When my daughter Violet was 18 months old, I had one of those days that briefly made me feel like a world-champion mother. She and I were rummaging around in the basement, and we came across her older siblings' blue plastic potty. She immediately recognized it for the toilet substitute it was and hauled it up the stairs to our kitchen. And there commenced, for several hours, the most amazing display of self-education I've ever seen.
Off came her diaper, down she sat, and -- presto! -- out came a stream of pee. I stood there open-mouthed. My older kids had taken years, and endless cajoling, to get to this point. Here was Violet, girl genius, conquering the potty in a matter of minutes! And still practically a baby!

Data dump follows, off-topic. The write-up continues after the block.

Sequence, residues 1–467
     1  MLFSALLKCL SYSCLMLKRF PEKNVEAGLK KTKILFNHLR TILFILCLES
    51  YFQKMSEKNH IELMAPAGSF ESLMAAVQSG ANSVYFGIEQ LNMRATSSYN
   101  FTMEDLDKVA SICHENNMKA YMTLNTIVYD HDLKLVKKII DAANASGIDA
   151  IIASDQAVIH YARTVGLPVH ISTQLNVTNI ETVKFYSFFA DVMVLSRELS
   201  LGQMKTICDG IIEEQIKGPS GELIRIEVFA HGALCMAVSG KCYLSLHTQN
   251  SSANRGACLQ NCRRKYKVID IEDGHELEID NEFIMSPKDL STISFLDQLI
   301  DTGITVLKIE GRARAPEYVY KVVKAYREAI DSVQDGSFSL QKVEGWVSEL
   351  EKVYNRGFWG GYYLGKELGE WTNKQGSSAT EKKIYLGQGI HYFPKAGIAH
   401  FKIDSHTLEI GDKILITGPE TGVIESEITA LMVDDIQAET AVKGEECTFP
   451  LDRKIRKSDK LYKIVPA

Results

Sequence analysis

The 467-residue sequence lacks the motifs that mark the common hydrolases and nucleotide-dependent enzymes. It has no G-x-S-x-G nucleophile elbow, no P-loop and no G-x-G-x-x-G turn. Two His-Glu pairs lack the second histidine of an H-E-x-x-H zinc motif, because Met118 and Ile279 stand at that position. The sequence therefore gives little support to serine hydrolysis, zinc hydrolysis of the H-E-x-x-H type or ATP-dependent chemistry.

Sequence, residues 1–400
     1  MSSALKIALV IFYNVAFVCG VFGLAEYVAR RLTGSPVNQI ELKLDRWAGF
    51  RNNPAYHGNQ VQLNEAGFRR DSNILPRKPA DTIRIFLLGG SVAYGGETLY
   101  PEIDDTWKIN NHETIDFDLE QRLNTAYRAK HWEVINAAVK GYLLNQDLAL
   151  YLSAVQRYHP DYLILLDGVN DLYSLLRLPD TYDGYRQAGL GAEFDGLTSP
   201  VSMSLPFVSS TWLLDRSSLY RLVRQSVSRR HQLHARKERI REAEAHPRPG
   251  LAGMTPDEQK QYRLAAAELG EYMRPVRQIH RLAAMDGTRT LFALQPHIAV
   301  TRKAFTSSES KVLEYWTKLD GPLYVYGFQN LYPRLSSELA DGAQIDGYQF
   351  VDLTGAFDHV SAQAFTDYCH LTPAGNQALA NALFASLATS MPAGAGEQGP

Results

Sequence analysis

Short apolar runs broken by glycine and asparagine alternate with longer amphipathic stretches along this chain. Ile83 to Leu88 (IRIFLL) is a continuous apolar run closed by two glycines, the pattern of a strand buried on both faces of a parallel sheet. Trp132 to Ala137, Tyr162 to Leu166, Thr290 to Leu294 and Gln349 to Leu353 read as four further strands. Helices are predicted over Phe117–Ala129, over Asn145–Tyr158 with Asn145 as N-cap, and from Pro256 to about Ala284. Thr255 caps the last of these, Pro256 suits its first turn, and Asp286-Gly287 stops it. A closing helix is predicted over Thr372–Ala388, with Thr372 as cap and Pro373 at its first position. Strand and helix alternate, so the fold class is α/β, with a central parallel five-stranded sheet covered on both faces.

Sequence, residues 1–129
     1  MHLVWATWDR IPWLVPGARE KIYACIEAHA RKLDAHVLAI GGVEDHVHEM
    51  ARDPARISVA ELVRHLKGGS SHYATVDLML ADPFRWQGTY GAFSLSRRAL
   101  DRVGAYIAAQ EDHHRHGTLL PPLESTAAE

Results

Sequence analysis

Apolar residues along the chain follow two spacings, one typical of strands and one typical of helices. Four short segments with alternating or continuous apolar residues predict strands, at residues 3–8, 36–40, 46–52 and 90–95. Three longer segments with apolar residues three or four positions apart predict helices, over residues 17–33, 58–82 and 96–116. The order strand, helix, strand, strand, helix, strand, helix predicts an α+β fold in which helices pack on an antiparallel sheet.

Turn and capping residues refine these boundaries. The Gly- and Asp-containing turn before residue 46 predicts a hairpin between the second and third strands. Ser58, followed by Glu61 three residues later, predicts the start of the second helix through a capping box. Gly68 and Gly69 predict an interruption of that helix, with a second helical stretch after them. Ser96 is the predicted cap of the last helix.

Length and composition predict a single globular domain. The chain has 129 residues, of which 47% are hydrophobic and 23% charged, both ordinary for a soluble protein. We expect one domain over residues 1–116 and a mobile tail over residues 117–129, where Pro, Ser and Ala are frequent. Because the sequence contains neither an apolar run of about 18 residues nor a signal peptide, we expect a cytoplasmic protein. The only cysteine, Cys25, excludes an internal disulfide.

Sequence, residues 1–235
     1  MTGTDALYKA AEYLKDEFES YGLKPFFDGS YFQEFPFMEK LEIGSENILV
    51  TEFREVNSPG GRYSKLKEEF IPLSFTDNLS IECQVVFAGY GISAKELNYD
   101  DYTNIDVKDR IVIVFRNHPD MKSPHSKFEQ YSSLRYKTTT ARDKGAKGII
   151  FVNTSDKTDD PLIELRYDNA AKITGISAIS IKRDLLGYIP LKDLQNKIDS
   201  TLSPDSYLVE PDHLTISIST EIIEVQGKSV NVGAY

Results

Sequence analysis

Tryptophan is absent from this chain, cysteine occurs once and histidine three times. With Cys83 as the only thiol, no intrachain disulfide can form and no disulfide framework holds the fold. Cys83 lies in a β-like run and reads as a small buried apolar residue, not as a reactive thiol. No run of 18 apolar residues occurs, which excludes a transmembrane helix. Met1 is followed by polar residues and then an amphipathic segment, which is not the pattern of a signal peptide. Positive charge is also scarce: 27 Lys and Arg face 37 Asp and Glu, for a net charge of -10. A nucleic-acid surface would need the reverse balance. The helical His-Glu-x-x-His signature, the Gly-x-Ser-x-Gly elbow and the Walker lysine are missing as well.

Yes, well. For a good four hours, she used that potty beautifully when she had to go. She peed, I applauded, we admired it, we flushed it, then she peed again, I clapped, she grinned, and so on. I couldn't believe my good fortune.
Alas, it didn't last. Suddenly, Violet began to dance about in agitation. "Sit on the potty!" I said. "No, no, Mommy!" she replied. "Yes! Sit, sit!" I repeated. Too late, the poop arrived and half landed in the potty. "Aargh!" cried Violet, bursting into tears.
So alarming was this episode that Violet didn't venture near the potty for another year and a half. Which is how she and I joined the ragged band of veterans of potty-training-that-doesn't-quite-go-according-to-plan. The bump we hit -- sudden lavatorial success followed just as suddenly by back-to-diapers -- is just one of several that sow dismay in households. True, many kids motor smoothly through toilet training: They make the occasional foray to the potty at 2½ or so, and six months later they're swaggering confidently into any bathroom. But many others hit a snag in the process. The most common roadblocks, and how to handle them:
Meghan Cox Gurdon is a mother of four and a columnist for National Review Online.